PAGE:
Film as Film by V.F. Perkins is a good book for guiding people in the interpretation of films and the cinema world in general. The author’s theory and analysis of film sequences provides critical and valuable insights in the world of cinema. The good thing with the book is that it offers criticisms of various movies and film theorists, and pinpoint critical elements of film that can change readers’ perceptions in understanding and interpreting films. Perkins criticizes film-makers, but at the same time, advices and honest interpretation of their films.













Bazin, A. (2004). What is cinema? (Vol. 2). Univ of California Press.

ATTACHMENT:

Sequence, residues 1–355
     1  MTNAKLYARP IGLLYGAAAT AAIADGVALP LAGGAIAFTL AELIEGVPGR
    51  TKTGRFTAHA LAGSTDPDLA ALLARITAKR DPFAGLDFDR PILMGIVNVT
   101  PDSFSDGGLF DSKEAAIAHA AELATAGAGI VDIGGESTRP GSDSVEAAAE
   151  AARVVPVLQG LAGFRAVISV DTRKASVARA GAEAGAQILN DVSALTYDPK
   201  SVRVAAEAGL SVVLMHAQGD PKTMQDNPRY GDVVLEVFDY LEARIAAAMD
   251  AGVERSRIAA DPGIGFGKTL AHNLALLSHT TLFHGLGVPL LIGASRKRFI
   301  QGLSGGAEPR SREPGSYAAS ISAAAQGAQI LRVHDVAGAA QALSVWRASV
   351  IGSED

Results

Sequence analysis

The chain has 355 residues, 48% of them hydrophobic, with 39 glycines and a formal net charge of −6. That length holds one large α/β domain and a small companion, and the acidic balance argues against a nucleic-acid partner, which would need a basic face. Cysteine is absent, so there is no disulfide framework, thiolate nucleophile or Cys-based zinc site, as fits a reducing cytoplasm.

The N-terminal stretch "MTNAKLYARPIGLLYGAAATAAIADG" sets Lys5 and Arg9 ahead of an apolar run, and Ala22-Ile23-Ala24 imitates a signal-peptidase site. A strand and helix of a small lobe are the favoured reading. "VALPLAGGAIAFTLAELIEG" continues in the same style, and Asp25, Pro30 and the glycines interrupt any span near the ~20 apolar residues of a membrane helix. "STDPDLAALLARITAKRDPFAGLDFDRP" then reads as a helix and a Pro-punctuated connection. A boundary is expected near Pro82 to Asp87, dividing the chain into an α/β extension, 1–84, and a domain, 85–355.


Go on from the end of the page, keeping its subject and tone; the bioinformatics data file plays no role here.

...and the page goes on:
Bell, C. (1924). Art. 1914. London: Chatto and Windus.

Eisenstein, S., & Leyda, J. (1974). Battleship Potemkin; October and Alexander Nevsky. Lorrimer Pub.

Jacobs, C. P. (2013). Film theory and approaches to criticism or what did that movie mean.

Perkins, V. F. (1993). Film as film: understanding and judging movies. New York: Perseus Books Group.

Pudovkin, V. I. (1958). Film Technique, and Film Acting: Translated and Edited by Ivor Montagu. Vision, Mayflower.

Siegfried, K. (1960). Theory of film: the redemption of physical reality. Introduction by Miriam Bratu Hansen (Princeton: Princeton University Press, 1997). But, as I have argued in “Cinema/Ideology/Society: The Political Expectations of Film Theory,” in James Donald, Patrick Feury, and Michael Renov, eds., The Handbook of Film Theory.